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The Poetical Works of the late Christopher Anstey

With Some Account of the Life and Writings of the Author, By his son, John Anstey

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Written at Mr. Gill's, an eminent Cook at Bath.

Ου προς παντος εστιν αρτυσαι καλως.
Frag. Vet. Poet.

Ye bards who sing the hero's praise,
Or lass's of the mill,
A loftier theme invites your lays,
Come tune your lyres to Gill.
Of all the cooks the world can boast,
However great their skill,
To bake, or fry, to boil, or roast,
There's none like Master Gill.
Sweet rhyming troop, no longer stoop
To drink Castalia's rill,
Whene'er ye droop, O taste the soup
That's made by Master Gill.


O taste this soup, for which the fair,
When hungry, cold, and chill,
Forsake the Circus and the Square
To eat with Master Gill.
'Tis this that makes my Chloe's lips
Ambrosial sweets distil;
For leeks and cabbage oft she sips
In soup that's made by Gill.
Immortal bards view here your wit,
The labours of your quill,
To singe the fowl upon the spit
Condemn'd by Master Gill.
My humble verse that fate will meet,
Nor shall I take it ill;
But grant, ye gods! that I may eat
That fowl when drest by Gill.
These are your true poetic fires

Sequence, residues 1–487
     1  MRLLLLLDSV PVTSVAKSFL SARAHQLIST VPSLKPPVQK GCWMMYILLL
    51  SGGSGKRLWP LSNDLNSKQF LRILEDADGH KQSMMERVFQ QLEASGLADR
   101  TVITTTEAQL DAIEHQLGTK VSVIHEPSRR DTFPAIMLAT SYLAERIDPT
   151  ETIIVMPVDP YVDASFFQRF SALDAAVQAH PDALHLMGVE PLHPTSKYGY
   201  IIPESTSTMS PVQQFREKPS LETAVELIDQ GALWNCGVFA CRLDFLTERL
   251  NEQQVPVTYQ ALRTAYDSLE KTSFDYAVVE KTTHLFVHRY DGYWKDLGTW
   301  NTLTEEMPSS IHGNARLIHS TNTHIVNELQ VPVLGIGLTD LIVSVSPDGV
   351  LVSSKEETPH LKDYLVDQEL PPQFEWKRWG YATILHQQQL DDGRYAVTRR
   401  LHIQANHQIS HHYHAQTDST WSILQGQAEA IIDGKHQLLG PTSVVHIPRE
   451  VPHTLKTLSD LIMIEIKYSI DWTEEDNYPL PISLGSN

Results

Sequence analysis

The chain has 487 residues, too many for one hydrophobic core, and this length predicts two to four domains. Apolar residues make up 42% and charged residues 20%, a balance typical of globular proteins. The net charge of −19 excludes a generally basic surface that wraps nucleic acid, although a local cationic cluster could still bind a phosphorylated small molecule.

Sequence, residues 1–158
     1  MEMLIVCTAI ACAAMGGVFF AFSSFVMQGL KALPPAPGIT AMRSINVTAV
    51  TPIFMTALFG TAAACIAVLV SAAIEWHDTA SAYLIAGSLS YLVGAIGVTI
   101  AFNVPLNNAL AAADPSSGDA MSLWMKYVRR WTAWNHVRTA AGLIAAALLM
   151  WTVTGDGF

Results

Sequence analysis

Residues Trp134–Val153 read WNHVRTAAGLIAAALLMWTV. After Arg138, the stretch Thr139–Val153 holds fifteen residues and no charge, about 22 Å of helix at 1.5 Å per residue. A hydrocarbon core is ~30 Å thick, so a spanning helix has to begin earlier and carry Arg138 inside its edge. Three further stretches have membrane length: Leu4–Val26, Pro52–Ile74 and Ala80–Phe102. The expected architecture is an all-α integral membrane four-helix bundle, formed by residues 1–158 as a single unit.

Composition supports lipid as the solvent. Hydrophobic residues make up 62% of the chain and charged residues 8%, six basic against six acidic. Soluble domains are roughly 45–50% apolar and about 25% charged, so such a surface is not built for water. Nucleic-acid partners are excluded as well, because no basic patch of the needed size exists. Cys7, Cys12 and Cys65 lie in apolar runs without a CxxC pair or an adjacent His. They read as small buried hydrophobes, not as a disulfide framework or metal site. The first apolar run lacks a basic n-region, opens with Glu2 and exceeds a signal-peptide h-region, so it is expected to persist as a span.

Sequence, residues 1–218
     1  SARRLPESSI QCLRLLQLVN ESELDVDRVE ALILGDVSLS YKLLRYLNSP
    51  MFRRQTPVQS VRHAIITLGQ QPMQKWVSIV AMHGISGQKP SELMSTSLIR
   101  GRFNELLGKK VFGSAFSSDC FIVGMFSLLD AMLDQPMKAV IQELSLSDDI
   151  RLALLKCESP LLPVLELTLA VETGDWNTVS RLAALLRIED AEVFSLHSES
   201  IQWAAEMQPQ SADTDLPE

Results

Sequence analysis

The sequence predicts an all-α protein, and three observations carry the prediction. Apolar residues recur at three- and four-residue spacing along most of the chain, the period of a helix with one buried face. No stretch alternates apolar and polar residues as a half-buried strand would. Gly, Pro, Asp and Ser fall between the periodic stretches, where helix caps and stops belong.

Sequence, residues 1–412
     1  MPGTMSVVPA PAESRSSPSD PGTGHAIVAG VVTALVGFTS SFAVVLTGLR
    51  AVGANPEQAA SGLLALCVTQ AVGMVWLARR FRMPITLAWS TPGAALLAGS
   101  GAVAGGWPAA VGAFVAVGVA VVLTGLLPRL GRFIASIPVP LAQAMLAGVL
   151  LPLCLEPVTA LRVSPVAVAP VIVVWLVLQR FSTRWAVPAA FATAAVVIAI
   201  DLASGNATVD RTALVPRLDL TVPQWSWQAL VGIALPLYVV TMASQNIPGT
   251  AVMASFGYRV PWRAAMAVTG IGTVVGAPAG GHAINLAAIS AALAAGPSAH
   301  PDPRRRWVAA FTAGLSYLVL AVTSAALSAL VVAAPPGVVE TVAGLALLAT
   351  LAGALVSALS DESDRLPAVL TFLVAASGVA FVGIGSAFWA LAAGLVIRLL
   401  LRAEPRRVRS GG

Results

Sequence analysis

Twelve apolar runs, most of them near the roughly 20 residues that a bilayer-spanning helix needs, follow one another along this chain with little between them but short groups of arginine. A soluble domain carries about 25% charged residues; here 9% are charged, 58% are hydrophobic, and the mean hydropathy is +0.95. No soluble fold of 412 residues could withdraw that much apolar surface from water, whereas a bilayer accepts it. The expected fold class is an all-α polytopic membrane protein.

That drest this sav'ry grill;
E'en while I eat the muse inspires,
And tunes my voice to Gill.


When C--- strikes the vocal lyre,
Sweet Lydian measures thrill;
But I the gridir'n more admire,
When tun'd by Master Gill.
“Come take my sage of ancient use,”
Cries learned Doctor H---ll:
“But what's the sage without the goose?”
Replies my Master Gill.
He who would fortify his mind,
His belly first should fill;
Roast beef 'gainst terrors best you'll find;
The Greeks knew this,” says Gill.
Your spirits and your blood to stir,
Old Galen gives a pill;
But I the forc'd-meat ball prefer,
Prepar'd by Master Gill.
While he so well can broil and bake,
I'll promise and fulfil,
No other physic e'er to take
Than what's prescrib'd by Gill.


Your bard has liv'd at Bath so long,
He dreads to see your bill—
Instead of cash accept this song,
My worthy Master Gill.